His work caught the attention of two leading rabbis of his day: Abba Hillel Silver in Cleveland and Ben Zion Bokser in Queens. Both led growing congregations that would reach well over 1,000 family members. Separately, the two commissioned Szyk to create significant objects for their respective synagogues.
Szyk’s stained glass “Warrior Windows” were dedicated in Cleveland’s Reform Temple Tifereth Israel on the last day of Hanukkah in 1947. Commissioned to honor congregants who fought in World War II, the 15 windows include the names of fallen soldiers and showcase the biblical figures Judah Maccabee, Samson and Gideon, resplendent in sumptuous battle dress.
In a letter to Silver, Szyk explained that he would have ordinarily charged $15,000 for the project (the equivalent of $200,000 today). But because Szyk aligned so closely with the rabbi’s ideological mission — Silver was a leading proponent of Zionism — he viewed the job as “a personal favor,” and agreed to a much lower sum of $4,500.
Bokser, a social justice activist whose edition of the Jewish prayer book was a staple of Conservative synagogues for decades, was also drawn to Szyk’s bold, innovative style for the sanctuary of his congregation’s sleek new building on Queens Boulevard. Art historian and Cleveland State University Distinguished Professor Samantha Baskind calls it “sui generis”: Like Szyk’s illuminated manuscripts, the ark’s design packs in a dizzying array of abstract ornaments woven together with Jewish emblems. Scrolls, flowers, acorns and leaves are interspersed with holiday symbols, lions of Judah and representations of the Israelite tribes.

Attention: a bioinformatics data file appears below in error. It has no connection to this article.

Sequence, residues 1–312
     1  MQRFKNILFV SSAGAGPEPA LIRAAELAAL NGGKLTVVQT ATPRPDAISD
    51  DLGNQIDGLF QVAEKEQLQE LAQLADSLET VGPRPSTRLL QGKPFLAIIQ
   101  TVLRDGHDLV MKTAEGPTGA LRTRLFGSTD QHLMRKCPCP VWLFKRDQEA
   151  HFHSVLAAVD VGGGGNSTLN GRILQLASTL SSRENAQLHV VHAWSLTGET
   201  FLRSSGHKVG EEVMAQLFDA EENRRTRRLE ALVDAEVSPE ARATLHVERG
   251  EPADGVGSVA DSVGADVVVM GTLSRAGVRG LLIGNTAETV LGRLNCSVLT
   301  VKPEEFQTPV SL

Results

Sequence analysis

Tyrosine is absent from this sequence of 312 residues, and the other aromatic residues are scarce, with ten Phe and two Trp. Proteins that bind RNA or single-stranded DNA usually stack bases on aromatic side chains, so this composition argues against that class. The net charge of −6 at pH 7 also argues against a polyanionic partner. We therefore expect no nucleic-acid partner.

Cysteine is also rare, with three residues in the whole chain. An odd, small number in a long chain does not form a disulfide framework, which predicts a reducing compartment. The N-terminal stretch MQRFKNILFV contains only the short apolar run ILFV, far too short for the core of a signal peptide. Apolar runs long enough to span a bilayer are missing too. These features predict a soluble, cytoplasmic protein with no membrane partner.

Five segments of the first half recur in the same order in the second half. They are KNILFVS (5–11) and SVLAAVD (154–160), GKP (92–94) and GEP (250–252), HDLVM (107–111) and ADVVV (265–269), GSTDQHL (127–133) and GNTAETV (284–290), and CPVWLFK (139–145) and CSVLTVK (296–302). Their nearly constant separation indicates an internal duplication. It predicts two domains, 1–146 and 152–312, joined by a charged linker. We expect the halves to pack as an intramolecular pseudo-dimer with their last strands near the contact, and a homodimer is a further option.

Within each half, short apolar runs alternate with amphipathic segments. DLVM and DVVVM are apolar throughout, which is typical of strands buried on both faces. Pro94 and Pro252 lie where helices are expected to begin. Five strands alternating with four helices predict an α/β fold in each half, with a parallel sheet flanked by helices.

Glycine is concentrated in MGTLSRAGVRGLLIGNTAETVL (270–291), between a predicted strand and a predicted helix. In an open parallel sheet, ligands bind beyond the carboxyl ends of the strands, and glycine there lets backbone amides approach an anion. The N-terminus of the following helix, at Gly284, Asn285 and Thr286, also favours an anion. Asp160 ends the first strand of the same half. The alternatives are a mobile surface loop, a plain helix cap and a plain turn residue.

Its baroque form is reminiscent of the arks of Eastern European synagogues that were destroyed in the war. But Szyk was neither mournful nor nostalgic. Forward looking and hopeful, his ark doors are flanked by birds that can be read as either eagles or doves. With their wings spread wide, the figures stretch toward the biblical and Talmudic passages that border the work, invoking God’s judgment and heralding freedom.